Posts Tagged ‘action’


Non-Stop is misleading, just like its characters. Upon looking at the poster and blurb, my first assumption was that it was an action movie in the vein of the Taken movies. I saw a version of the poster where a blurb mentioned something about everything being taken from him (just to make sure everyone would watch it on the basis of it being exactly the same as Taken, I bet), but it’s not a non-stop action movie. It’s a smart, suspenseful thriller. I was kept guessing throughout the entire film, which is something a lot of modern thrillers can’t claim. 

Let’s start with the plot. The movie begins with Liam Neeson mixing a mug of bourbon and draining it entirely after an angry phone call to his supervisor. He whizzes past airport security, and in this scenes, you can see the majority of the main cast in the background. You can even hear Julianne Moore talking about getting a window seat. 

It was a shaky beginning, literally. The camera shook while Liam Neeson walked, and considering the way it uses extreme close ups and how it leaves most of the background out of focus, I was starting to think this was going to be another Jack Ryan: Shadow Recruit.

However, my fears were completely uncalled for. It began to redeem itself during the takeoff of the plane. The camera, of course, shook. But, it shook in a controlled way so you could still keep track of everything. The sound was realistically loud, but you could still hear Liam Neeson talking about his daughter giving him a ribbon for good luck while Julianne Moore sits beside him and attempts to calm this huge action star that gets nervous during takeoffs.


It was shaping up to be a good film. I was already wondering what’s going to happen, and looking forward to the rest of the film. (I didn’t read a summary before going to the movie, so I was going in blind.)

With the lights turned off so that everyone can sleep, Liam Neeson suddenly gets a text. I realize I keep referring to the actor, but that’s because the actor completely encompasses the movie. He’s playing essentially the same character he’s always played, but it’s all right. Because it’s always interesting.

Anyways, the text is from an unknown number, and after the usual round of questioning, the mysterious figure reveals that he’s going to kill someone every twenty minutes unless 150 million dollars gets wired into his account.

Interesting premise. Liam Neeson notifies the pilots, and they report it to their superiors. I’m afraid I can’t go into anymore detail about the movie from this point because I’d risk giving you enough time to figure out the killer(s). This is as suspenseful as they come. It’s similar to Air Force One in the sense that it’s on a plane, but that’s where the similarities end really. 

It takes a really unexpected path with how it doesn’t rely on Liam Neeson killing a hundred people with only a scratch on his face. He actually has to try to figure out the killer for a change, and you’ll find your stomach in a knot trying to figure the mystery out for yourself. So, let’s talk about the characters. The principal characters include Julianne Moore as a smart woman that has to have the window seat (you’ll see why), and because she was asleep beside Liam Neeson when he got a text, she’s one of the few people he can actually trust. Their dynamic is pretty good, and Julianne Moore delivers a great performance. (As expected.)


Liam Neeson looking very somber.

Michelle Dockery (Downton Abbey) plays a stewardess that’s had relations with the co-pilot, and she’s on the very short list of people Liam Neeson can trust.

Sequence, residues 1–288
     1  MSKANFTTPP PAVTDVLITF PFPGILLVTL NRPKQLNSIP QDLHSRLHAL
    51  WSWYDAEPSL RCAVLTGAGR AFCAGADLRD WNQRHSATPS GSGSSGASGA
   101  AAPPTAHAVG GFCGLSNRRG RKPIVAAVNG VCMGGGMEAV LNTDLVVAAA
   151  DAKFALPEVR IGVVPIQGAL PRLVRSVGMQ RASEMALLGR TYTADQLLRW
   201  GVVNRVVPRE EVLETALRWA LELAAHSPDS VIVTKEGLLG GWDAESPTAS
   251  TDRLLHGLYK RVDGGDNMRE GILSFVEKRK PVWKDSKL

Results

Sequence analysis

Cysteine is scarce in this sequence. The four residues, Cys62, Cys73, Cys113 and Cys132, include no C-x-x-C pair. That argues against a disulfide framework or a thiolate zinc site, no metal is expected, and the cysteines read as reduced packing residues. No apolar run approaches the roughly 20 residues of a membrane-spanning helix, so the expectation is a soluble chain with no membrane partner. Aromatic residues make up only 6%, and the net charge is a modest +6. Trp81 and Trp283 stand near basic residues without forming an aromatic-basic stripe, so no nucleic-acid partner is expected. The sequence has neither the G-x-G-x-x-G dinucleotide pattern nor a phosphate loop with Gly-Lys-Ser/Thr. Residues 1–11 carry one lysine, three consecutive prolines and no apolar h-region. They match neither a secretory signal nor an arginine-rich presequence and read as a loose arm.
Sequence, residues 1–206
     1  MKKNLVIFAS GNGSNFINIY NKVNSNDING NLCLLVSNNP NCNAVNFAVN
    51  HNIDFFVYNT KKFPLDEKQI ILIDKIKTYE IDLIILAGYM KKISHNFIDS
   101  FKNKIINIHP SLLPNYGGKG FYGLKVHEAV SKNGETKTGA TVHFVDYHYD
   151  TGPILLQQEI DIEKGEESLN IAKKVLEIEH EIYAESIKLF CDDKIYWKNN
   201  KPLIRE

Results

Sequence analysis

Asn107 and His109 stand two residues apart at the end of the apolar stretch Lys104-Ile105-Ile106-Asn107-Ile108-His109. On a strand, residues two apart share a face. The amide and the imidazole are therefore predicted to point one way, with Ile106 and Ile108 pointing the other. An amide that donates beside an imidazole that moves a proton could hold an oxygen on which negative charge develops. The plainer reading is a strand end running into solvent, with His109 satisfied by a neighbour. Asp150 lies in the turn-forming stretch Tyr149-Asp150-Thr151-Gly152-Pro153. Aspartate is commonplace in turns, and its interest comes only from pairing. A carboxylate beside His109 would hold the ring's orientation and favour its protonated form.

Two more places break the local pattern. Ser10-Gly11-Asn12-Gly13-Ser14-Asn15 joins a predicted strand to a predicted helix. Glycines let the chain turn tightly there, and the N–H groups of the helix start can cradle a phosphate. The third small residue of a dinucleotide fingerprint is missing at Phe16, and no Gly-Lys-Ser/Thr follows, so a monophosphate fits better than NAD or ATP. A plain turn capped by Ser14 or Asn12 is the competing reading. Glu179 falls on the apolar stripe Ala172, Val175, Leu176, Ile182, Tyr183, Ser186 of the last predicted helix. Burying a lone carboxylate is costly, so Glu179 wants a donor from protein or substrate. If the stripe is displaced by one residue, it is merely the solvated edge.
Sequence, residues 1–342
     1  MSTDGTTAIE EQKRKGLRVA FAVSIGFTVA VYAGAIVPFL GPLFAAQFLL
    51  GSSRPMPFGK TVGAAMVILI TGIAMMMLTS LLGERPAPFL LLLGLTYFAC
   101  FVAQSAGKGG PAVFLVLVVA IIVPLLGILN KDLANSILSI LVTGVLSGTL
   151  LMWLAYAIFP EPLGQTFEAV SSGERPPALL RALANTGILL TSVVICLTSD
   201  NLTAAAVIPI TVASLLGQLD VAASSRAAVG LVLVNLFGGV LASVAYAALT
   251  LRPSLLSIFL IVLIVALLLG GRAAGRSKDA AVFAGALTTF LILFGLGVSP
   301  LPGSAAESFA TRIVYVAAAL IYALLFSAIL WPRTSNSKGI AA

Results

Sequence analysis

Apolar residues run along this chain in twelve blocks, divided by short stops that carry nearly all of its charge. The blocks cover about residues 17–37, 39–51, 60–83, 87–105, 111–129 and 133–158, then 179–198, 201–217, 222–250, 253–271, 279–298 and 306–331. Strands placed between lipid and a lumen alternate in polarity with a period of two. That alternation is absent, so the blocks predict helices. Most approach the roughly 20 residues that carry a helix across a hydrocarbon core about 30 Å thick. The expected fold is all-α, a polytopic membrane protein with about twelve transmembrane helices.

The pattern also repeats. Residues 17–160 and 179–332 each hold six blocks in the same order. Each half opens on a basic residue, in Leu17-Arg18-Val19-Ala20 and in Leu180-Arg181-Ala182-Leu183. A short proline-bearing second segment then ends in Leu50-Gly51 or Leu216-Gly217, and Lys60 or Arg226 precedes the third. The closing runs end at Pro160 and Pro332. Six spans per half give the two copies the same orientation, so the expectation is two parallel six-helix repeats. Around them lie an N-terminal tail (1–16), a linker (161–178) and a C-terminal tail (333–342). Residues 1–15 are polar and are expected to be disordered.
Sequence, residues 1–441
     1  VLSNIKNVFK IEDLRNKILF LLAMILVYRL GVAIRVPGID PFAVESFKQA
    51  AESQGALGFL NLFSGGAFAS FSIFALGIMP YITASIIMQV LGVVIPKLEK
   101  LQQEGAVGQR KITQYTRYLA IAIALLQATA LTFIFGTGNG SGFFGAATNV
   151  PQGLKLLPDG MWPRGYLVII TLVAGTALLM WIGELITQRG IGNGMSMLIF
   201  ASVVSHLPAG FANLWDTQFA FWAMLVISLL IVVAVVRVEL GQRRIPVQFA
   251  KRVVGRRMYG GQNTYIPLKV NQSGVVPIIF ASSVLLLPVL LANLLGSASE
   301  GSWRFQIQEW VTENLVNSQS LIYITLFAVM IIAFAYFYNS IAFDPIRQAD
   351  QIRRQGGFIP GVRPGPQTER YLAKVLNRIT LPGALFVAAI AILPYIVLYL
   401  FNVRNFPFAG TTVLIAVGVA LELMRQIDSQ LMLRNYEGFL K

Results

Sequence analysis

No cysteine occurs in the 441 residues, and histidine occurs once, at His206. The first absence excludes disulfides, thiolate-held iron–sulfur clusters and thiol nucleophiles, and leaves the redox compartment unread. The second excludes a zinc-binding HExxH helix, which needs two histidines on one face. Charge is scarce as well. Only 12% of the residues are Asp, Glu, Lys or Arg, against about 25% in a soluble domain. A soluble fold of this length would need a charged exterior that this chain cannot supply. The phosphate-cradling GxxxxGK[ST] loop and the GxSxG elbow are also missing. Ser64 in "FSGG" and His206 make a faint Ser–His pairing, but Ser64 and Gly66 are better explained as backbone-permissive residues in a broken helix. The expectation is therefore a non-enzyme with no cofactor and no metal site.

Another point goes to the film for the fact that it acknowledges racial profiling. A Middle Eastern passenger is on the plane, and in his first appearance, everyone looks at him suspiciously. One of the other passengers, Corey Stoll (House of Cards) even makes a remark about it later in the film. Is it groundbreaking? No, but it doesn’t avoid it, either. 

It’s true. It’s been awhile since 9/11, and it seems like movies and shows have been given the green light to talk about it (The Golden Boy, Blue Bloods, Homeland are but a few examples of this), but it’s still a sore subject. So, the fact that the film acknowledges that the system isn’t perfect is really refreshing.

I’ve praised this film. Now it’s time for the flaws. Here’s a slight warning. The following isn’t really a spoiler, but it can be construed as spoiler-ish, so it’s just a heads up. I don’t pick on plot points or anything, so feel free to skip this section. 


The fight scenes are really well done, but like most action movies, it suffers from the Invincibility Syndrome. Die Hard 5 is the pinnacle of this example. John and his son kill hundreds of enemies, but oh no, their clothes are a bit blackened from all the explosions and they have a few cuts! Poor guys. Let’s drag ‘em to the emergency room! The Taken movies are also fine examples of this. Oh, yeah, I’ve absolutely decimated the entire population of Bulgaria, but I’m fine. See you in the next movie!

In this movie, Liam Neeson gets into some pretty unbelievable fights that end with him having a tiny little bruise at the corner of his forehead. Meanwhile, his enemies are… well, let’s just say they didn’t get off with a bruise. So, that doesn’t really damage the film as a whole, but I would’ve enjoyed it much more if he was, I don’t know, limping or bleeding a lot more at the end? 

I understand that action movies can’t end with the main character in a coma, but I’m sure I’m not the only one that wishes they looked like they went through the ringer a bit more. 


The final verdict is that this is a great movie. I had maybe twenty possible suspects, and I still didn’t expect the ending. That makes it a really well planned film, if you ask me. Are there flaws? Yup. Liam Neeson makes some decisions that really don’t make me think he’s the sharpest tool in the shed, but it’s very entertaining. For me, it’s definitely better than the Taken movies. He doesn’t have as good of a hook as in Taken (“I don’t know who you are…), but my interest was definitely held for a lot longer here. 

If you need any more reasons to watch it… it’s a Liam Neeson movie. There you have it. 

4 out of 6




The Lego Movie is one of the most ambitious films I’ve seen in awhile, and it delivers on the promise of a lot of laughs. It’s a dystopian sci-fi movie, a Western extravaganza, a good old fashioned romance, and just plain funny. The ‘funny’ part cannot be understated.